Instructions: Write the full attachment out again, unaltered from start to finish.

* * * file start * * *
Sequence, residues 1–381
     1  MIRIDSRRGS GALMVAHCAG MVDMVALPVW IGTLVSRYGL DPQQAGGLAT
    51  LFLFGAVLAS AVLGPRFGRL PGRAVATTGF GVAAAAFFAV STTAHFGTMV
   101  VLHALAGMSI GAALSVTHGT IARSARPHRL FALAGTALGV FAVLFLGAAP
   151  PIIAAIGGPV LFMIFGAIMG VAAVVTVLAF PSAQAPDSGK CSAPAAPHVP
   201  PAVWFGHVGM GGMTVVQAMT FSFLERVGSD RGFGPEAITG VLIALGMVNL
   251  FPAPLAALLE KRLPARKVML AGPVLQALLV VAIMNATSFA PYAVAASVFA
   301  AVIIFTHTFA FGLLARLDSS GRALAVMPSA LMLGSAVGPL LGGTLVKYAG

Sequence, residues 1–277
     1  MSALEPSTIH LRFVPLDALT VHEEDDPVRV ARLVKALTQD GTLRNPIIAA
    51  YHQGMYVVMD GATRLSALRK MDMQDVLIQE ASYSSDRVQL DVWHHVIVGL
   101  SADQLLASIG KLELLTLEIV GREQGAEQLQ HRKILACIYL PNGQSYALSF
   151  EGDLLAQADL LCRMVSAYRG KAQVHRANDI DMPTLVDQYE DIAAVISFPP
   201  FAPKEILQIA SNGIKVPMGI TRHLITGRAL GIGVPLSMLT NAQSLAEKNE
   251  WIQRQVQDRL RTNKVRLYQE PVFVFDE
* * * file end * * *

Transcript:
Sequence, residues 1–381
     1  MIRIDSRRGS GALMVAHCAG MVDMVALPVW IGTLVSRYGL DPQQAGGLAT
    51  LFLFGAVLAS AVLGPRFGRL PGRAVATTGF GVAAAAFFAV STTAHFGTMV
   101  VLHALAGMSI GAALSVTHGT IARSARPHRL FALAGTALGV FAVLFLGAAP
   151  PIIAAIGGPV LFMIFGAIMG VAAVVTVLAF PSAQAPDSGK CSAPAAPHVP
   201  PAVWFGHVGM GGMTVVQAMT FSFLERVGSD RGFGPEAITG VLIALGMVNL
   251  FPAPLAALLE KRLPARKVML AGPVLQALLV VAIMNATSFA PYAVAASVFA
   301  AVIIFTHTFA FGLLARLDSS GRALAVMPSA LMLGSAVGPL LGGTLVKYAG

Sequence, residues 1–277
     1  MSALEPSTIH LRFVPLDALT VHEEDDPVRV ARLVKALTQD GTLRNPIIAA
    51  YHQGMYVVMD GATRLSALRK MDMQDVLIQE ASYSSDRVQL DVWHHVIVGL
   101  SADQLLASIG KLELLTLEIV GREQGAEQLQ HRKILACIYL PNGQSYALSF
   151  EGDLLAQADL LCRMVSAYRG KAQVHRANDI DMPTLVDQYE DIAAVISFPP
   201  FAPKEILQIA SNGIKVPMGI TRHLITGRAL GIGVPLSMLT NAQSLAEKNE
   251  WIQRQVQDRL RTNKVRLYQE PVFVFDE